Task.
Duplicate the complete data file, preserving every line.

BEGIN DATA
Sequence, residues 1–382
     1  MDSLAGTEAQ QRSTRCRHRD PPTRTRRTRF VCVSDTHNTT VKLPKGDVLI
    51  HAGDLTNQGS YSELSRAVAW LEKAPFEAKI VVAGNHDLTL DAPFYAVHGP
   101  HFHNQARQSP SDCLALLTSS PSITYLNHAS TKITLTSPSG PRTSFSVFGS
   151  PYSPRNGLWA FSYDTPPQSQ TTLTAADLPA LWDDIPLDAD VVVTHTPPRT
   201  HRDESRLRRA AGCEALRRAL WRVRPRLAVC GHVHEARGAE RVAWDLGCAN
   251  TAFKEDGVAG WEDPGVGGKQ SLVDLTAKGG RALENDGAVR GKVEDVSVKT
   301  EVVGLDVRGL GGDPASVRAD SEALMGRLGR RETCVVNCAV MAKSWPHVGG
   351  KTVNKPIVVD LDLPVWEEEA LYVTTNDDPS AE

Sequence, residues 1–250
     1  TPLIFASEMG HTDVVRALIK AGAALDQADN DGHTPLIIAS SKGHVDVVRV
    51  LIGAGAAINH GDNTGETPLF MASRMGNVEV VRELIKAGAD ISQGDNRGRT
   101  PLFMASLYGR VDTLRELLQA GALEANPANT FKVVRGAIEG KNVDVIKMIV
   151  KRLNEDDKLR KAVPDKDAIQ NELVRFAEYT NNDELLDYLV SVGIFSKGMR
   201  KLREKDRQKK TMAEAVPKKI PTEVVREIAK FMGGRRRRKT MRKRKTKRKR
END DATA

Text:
Sequence, residues 1–382
     1  MDSLAGTEAQ QRSTRCRHRD PPTRTRRTRF VCVSDTHNTT VKLPKGDVLI
    51  HAGDLTNQGS YSELSRAVAW LEKAPFEAKI VVAGNHDLTL DAPFYAVHGP
   101  HFHNQARQSP SDCLALLTSS PSITYLNHAS TKITLTSPSG PRTSFSVFGS
   151  PYSPRNGLWA FSYDTPPQSQ TTLTAADLPA LWDDIPLDAD VVVTHTPPRT
   201  HRDESRLRRA AGCEALRRAL WRVRPRLAVC GHVHEARGAE RVAWDLGCAN
   251  TAFKEDGVAG WEDPGVGGKQ SLVDLTAKGG RALENDGAVR GKVEDVSVKT
   301  EVVGLDVRGL GGDPASVRAD SEALMGRLGR RETCVVNCAV MAKSWPHVGG
   351  KTVNKPIVVD LDLPVWEEEA LYVTTNDDPS AE

Sequence, residues 1–250
     1  TPLIFASEMG HTDVVRALIK AGAALDQADN DGHTPLIIAS SKGHVDVVRV
    51  LIGAGAAINH GDNTGETPLF MASRMGNVEV VRELIKAGAD ISQGDNRGRT
   101  PLFMASLYGR VDTLRELLQA GALEANPANT FKVVRGAIEG KNVDVIKMIV
   151  KRLNEDDKLR KAVPDKDAIQ NELVRFAEYT NNDELLDYLV SVGIFSKGMR
   201  KLREKDRQKK TMAEAVPKKI PTEVVREIAK FMGGRRRRKT MRKRKTKRKR